Last week the U.K. held its E.U. referendum with the leave vote triumphant. Following the decision, farming organisations stressed that it is important that an early commitment is made to British farming.
U.S. commodity market analysts Steve Meyer, president of Paragon Economics, and Len Steiner, writer with the Daily Livestock Report, said despite the various projections by economists, no one really knows what the true impact of the Brexit vote will be.
For U.S. livestock producers, Meyer and Steiner believe the most important implication in the short term is what happens to the value of the U.S. dollar and the effect this has on the relative price of US products sold overseas.
The British National Farmers’ Union (NFU) President Meurig Raymond said his organisation would campaign for the best possible access to markets in the E.U. and further afield, while ensuring the U.K. is protected from imports that are produced to lower standards.
“Negotiating and concluding trade agreements with the European Union and the rest of the world, for our exports, now becomes vital,” said Stephen James, president of NFU Cymru, the NFU’s Welsh branch. “Wales is particularly reliant on export markets, and we will be looking to the U.K. government to prioritize the negotiation of favourable trade agreements. Whilst doing so I would stress that it is essential that decision makers do not undermine domestic agriculture by opening the U.K. market to goods which do not meet our own high standards of production.”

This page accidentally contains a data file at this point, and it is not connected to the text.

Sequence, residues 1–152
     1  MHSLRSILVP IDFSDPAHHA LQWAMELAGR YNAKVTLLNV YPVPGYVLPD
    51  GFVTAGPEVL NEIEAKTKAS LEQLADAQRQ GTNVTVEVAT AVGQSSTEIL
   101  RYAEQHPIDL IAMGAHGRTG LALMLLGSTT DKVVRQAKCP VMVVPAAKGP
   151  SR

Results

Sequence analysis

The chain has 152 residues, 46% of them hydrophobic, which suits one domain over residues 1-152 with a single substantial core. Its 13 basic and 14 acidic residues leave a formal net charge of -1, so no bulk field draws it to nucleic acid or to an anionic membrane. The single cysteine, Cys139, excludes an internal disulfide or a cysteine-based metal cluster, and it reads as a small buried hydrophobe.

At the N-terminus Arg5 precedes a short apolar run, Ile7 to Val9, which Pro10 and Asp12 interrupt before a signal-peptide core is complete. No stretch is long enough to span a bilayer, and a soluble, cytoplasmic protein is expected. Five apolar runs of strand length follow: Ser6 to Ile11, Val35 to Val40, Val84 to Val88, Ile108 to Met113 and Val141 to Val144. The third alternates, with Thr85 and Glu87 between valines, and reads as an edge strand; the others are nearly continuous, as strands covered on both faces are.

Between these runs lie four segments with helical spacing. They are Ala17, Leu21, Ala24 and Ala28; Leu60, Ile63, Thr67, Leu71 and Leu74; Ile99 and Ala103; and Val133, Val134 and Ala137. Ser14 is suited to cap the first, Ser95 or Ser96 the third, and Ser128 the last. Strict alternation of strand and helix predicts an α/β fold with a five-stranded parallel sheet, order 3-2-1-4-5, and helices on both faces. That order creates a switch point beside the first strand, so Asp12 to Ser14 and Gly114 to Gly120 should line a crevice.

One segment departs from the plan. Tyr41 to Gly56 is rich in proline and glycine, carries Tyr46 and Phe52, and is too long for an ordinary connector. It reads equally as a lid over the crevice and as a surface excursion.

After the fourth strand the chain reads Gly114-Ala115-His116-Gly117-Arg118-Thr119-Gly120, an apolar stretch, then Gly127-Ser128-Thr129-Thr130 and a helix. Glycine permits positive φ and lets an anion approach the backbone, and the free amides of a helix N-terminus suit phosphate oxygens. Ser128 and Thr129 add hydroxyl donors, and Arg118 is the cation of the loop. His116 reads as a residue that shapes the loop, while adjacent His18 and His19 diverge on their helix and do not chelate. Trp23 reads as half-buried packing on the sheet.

The Royal College of Veterinary Surgeons and the British Veterinary Association both emphasised the importance of animal welfare in the forthcoming negotiations.
Sean Wensley, president of the veterinary association, said, “The U.K.’s decision to leave the European Union will have a significant impact on matters of interest to the veterinary profession, particularly in relation to regulation, education, and workforce planning, but also in terms of animal welfare, research, surveillance, and animal movements.”
The Brexit negotiations will also impact the agricultural sector of other countries around the world. Speaking before the vote, Irish Farmers Association President Joe Healy said, “Should the U.K. vote to leave the E.U., Irish agriculture would undoubtedly suffer negative consequences, both in the short-term and the longer term.”
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